1
Background

Several notable developments in U.S. civil space policy in the years between the National Research Council’s (NRC’s) 2003 space policy workshop and its 2007 workshop are summarized in this chapter. These developments were captured in key documents made available to workshop participants as background information that participants referred to during the workshop discussions.

2003 SPACE POLICY WORKSHOP

In November 2003, the NRC’s Space Studies Board and Aeronautics and Space Engineering Board organized a workshop to air perspectives on the question, What should be the principal purposes, goals, and priorities of U.S. civil space policy? The timing of that workshop coincided with a new attention to the long-term direction of the U.S. civil space program in the wake of the space shuttle Columbia tragedy and the report of the Columbia Accident Investigation Board (CAIB).1 Seven broad themes emerged from the 2003 workshop:2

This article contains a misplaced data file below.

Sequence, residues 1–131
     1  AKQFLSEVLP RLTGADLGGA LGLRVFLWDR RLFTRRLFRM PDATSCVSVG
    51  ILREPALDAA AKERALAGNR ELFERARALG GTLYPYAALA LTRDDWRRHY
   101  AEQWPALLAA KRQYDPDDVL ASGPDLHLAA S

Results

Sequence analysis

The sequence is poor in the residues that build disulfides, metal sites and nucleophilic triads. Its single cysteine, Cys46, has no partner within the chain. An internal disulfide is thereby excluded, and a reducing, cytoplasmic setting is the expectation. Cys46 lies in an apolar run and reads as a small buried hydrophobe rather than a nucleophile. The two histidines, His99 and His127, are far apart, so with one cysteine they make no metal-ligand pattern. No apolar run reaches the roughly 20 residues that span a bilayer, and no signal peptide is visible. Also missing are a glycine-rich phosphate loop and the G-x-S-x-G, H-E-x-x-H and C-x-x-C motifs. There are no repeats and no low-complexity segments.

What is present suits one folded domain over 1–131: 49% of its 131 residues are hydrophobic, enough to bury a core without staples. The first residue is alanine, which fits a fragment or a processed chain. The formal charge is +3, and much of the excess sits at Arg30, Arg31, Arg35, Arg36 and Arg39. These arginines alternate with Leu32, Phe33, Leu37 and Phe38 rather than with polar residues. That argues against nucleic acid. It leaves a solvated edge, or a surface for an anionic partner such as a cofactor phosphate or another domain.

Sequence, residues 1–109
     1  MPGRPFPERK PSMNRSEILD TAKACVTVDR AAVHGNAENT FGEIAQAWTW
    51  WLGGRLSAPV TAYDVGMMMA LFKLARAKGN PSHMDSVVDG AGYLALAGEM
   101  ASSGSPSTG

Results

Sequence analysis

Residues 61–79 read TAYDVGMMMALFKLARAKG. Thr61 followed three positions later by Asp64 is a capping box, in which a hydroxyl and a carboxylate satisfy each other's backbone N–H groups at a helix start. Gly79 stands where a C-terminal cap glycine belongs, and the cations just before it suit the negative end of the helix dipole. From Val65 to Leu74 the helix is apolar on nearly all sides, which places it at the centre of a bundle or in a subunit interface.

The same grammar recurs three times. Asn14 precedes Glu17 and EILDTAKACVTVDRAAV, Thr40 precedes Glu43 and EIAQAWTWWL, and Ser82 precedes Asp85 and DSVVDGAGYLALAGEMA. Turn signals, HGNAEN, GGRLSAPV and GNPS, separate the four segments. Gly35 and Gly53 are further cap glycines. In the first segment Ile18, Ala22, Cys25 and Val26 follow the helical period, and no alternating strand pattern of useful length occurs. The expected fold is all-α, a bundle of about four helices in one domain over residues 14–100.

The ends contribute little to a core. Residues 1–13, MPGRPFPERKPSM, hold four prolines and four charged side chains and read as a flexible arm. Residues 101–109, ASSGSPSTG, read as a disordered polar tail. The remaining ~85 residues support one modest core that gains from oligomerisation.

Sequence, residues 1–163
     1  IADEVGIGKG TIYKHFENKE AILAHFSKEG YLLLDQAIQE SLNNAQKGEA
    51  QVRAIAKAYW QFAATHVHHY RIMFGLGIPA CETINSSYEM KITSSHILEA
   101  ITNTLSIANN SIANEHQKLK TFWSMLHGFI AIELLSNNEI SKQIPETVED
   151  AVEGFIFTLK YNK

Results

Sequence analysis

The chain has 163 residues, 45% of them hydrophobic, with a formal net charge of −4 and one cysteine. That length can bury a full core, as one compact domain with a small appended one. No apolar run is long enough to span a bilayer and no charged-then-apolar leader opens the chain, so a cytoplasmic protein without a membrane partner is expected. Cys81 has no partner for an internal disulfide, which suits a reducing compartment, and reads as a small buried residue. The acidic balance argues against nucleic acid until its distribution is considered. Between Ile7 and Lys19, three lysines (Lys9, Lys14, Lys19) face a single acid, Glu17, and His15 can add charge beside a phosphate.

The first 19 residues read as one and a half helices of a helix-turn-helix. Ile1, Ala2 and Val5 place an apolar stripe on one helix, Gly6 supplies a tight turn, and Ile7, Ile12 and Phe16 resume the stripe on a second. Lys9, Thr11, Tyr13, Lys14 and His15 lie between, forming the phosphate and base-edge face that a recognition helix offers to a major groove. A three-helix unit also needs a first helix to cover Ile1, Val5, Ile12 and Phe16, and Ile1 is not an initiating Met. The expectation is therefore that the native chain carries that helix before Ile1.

1. Successful space and Earth science programs—Many of the 2003 workshop participants accepted that U.S. space and Earth science programs were currently productive and progressing steadily. Much of the success of NASA’s science programs was attributed to having clear long-range goals; strategies framed by scientists and periodically reassessed by the science community; and a series of individual steps that accumulate successes, help measure progress, and sustain momentum for the program.